16. Mapping and Manipulating Facial Expression

    Science.gov (United States)

    Theobald, Barry-John; Matthews, Iain; Mangini, Michael; Spies, Jeffrey R.; Brick, Timothy R.; Cohn, Jeffrey F.; Boker, Steven M.

    2009-01-01

    Nonverbal visual cues accompany speech to supplement the meaning of spoken words, signify emotional state, indicate position in discourse, and provide back-channel feedback. This visual information includes head movements, facial expressions and body gestures. In this article we describe techniques for manipulating both verbal and nonverbal facial…

  17. Facial Prototype Formation in Children.

    Science.gov (United States)

    Inn, Donald; And Others

    This study examined memory representation as it is exhibited in young children's formation of facial prototypes. In the first part of the study, researchers constructed images of faces using an Identikit that provided the features of hair, eyes, mouth, nose, and chin. Images were varied systematically. A series of these images, called exemplar…

  18. Pseudotumoural hypertrophic neuritis of the facial nerve

    OpenAIRE

    Zanoletti, E; Mazzoni, A; Barbò, R

    2008-01-01

    In a retrospective study of our cases of recurrent paralysis of the facial nerve of tumoural and non-tumoural origin, a tumour-like lesion of the intra-temporal course of the facial nerve, mimicking facial nerve schwannoma, was found and investigated in 4 cases. This was defined as, pseudotumoral hypertrophic neuritis of the facial nerve. The picture was one of recurrent acute facial palsy with incomplete recovery and imaging of a benign tumour. It was different from the well-known recurrent ...

  19. Possibilities of pfysiotherapy in facial nerve paresis

    OpenAIRE

    ZIFČÁKOVÁ, Šárka

    2015-01-01

    The bachelor thesis addresses paresis of the facial nerve. The facial nerve paresis is a rather common illness, which cannot be often cured without consequences despite all the modern treatments. The paresis of the facial nerve occurs in two forms, central and peripheral. A central paresis is a result of a lesion located above the motor nucleus of the facial nerve. A peripheral paresis is caused by a lesion located either in the location of the motor nucleus or in the course of the facial ner...

  20. Sir Charles Alfred Ballance (1856-1936) and the introduction of facial nerve crossover anastomosis in 1895

    NARCIS (Netherlands)

    Van de Graaf, Robert C.; Ijpma, Frank F. A.; Nicolai, Jean-Philippe A.

    Sir Charles Ballance (1856-1936) was the first surgeon in history to perform a facial nerve crossover anastomosis in 1895. Although, recently, several papers on the history of facial nerve surgery have been published, little is known about this historically important operation, the theoretical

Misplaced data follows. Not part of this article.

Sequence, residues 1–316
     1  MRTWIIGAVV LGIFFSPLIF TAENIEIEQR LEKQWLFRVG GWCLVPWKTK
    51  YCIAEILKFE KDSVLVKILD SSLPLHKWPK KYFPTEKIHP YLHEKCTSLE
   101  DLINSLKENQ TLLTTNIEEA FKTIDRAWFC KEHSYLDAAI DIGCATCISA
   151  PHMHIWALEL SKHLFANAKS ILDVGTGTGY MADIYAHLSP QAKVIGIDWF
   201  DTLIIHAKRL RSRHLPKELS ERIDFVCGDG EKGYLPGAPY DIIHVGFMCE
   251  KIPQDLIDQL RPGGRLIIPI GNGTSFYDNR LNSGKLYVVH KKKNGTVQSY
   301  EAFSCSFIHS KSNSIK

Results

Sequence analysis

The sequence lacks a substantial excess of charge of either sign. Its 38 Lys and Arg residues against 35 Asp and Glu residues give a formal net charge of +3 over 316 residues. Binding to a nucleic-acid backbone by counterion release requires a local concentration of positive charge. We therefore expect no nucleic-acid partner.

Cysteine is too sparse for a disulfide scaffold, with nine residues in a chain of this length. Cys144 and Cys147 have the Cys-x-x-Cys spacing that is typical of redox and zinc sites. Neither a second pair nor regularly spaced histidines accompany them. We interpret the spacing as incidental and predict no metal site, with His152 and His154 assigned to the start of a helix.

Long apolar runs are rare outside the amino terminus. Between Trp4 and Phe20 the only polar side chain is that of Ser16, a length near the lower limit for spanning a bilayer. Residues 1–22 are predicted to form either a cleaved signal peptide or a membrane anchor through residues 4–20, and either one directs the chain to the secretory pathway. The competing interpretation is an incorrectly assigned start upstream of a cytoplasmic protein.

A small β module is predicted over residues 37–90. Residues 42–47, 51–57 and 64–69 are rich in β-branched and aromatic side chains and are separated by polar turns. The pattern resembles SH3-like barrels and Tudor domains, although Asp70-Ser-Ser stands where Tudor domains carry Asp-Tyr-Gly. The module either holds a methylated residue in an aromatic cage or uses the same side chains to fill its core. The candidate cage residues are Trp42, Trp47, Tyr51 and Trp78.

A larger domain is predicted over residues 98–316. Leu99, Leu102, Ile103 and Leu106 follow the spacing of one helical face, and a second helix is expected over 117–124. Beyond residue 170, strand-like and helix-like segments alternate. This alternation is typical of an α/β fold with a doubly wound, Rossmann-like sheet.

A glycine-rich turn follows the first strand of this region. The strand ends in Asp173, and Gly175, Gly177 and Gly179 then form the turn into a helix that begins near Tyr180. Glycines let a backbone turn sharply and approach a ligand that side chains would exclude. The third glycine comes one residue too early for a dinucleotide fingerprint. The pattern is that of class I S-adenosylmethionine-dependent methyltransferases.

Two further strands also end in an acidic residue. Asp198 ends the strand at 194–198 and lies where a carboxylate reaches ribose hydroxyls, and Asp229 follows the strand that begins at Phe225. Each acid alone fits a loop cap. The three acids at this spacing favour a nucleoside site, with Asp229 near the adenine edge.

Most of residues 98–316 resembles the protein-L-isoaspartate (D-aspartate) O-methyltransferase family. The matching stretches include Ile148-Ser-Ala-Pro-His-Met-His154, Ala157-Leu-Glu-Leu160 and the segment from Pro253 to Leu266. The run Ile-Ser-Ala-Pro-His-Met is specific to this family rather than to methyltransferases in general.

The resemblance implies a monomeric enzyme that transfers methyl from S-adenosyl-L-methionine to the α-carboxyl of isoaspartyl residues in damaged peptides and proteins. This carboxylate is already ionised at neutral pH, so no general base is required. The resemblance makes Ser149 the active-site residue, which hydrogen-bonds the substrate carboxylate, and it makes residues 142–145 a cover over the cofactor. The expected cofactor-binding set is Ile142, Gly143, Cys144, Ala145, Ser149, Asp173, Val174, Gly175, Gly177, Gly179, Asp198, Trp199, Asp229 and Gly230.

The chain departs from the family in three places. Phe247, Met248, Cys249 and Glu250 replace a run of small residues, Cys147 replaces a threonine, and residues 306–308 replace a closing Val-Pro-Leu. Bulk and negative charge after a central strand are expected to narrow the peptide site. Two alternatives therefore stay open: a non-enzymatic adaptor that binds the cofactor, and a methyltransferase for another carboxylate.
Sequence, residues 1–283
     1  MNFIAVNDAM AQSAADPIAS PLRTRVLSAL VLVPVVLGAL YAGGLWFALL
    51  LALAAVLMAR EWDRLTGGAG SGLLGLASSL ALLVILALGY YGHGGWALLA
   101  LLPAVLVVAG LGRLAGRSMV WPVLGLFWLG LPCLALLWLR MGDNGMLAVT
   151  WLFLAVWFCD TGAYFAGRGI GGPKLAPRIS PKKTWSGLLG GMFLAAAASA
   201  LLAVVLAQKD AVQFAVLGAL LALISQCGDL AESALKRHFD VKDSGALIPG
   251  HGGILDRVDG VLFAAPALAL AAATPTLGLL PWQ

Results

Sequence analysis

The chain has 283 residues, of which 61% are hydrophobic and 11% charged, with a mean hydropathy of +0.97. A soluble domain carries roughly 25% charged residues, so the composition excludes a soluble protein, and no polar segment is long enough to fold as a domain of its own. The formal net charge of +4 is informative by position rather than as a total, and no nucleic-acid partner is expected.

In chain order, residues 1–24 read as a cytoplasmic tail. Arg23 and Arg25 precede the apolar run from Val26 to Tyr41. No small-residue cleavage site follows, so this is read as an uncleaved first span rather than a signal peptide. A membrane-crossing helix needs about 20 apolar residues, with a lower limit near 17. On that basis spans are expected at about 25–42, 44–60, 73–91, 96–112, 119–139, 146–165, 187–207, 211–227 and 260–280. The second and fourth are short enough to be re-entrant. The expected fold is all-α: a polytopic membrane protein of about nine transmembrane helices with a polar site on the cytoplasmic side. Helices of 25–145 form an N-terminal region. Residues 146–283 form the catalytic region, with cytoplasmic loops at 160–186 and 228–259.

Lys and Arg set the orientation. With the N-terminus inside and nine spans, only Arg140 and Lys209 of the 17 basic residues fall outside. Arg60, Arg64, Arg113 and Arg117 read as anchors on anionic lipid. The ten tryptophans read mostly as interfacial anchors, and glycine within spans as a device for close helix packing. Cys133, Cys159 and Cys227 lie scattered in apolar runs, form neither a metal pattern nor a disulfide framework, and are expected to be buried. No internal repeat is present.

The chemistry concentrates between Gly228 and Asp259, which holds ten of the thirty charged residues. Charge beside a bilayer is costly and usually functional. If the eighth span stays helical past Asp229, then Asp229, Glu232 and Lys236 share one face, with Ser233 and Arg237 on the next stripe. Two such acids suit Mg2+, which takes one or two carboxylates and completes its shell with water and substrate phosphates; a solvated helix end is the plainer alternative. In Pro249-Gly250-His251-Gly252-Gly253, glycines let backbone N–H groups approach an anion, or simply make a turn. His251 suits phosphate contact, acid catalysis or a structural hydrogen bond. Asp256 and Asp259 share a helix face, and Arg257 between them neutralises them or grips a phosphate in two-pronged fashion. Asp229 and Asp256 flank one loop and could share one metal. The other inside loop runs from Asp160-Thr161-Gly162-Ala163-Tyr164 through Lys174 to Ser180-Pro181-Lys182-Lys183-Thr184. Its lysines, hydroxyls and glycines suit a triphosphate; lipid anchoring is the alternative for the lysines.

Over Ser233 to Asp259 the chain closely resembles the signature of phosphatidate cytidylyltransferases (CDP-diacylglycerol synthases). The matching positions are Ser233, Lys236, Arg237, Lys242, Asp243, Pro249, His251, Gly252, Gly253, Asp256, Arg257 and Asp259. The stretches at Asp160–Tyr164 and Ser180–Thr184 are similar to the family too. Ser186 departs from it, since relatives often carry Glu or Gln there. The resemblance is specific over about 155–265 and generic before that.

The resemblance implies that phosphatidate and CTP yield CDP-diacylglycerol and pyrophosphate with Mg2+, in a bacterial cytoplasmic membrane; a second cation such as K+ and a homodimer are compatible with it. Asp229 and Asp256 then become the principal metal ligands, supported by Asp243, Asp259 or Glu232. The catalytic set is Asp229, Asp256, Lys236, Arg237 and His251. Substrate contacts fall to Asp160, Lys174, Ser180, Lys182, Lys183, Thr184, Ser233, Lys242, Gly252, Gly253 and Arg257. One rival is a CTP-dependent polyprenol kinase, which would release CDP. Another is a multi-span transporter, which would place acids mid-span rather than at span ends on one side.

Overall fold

1. Oblique reconstructions in tomosynthesis. II. Super-resolution

    International Nuclear Information System (INIS)

    Acciavatti, Raymond J.; Maidment, Andrew D. A.

    2013-01-01

    Purpose: In tomosynthesis, super-resolution has been demonstrated using reconstruction planes parallel to the detector. Super-resolution allows for subpixel resolution relative to the detector. The purpose of this work is to develop an analytical model that generalizes super-resolution to oblique reconstruction planes.Methods: In a digital tomosynthesis system, a sinusoidal test object is modeled along oblique angles (i.e., “pitches”) relative to the plane of the detector in a 3D divergent-beam acquisition geometry. To investigate the potential for super-resolution, the input frequency is specified to be greater than the alias frequency of the detector. Reconstructions are evaluated in an oblique plane along the extent of the object using simple backprojection (SBP) and filtered backprojection (FBP). By comparing the amplitude of the reconstruction against the attenuation coefficient of the object at various frequencies, the modulation transfer function (MTF) is calculated to determine whether modulation is within detectable limits for super-resolution. For experimental validation of super-resolution, a goniometry stand was used to orient a bar pattern phantom along various pitches relative to the breast support in a commercial digital breast tomosynthesis system.Results: Using theoretical modeling, it is shown that a single projection image cannot resolve a sine input whose frequency exceeds the detector alias frequency. The high frequency input is correctly visualized in SBP or FBP reconstruction using a slice along the pitch of the object. The Fourier transform of this reconstructed slice is maximized at the input frequency as proof that the object is resolved. Consistent with the theoretical results, experimental images of a bar pattern phantom showed super-resolution in oblique reconstructions. At various pitches, the highest frequency with detectable modulation was determined by visual inspection of the bar patterns. The dependency of the highest

  2. Oblique reconstructions in tomosynthesis. II. Super-resolution

    Science.gov (United States)

    Acciavatti, Raymond J.; Maidment, Andrew D. A.

    2013-01-01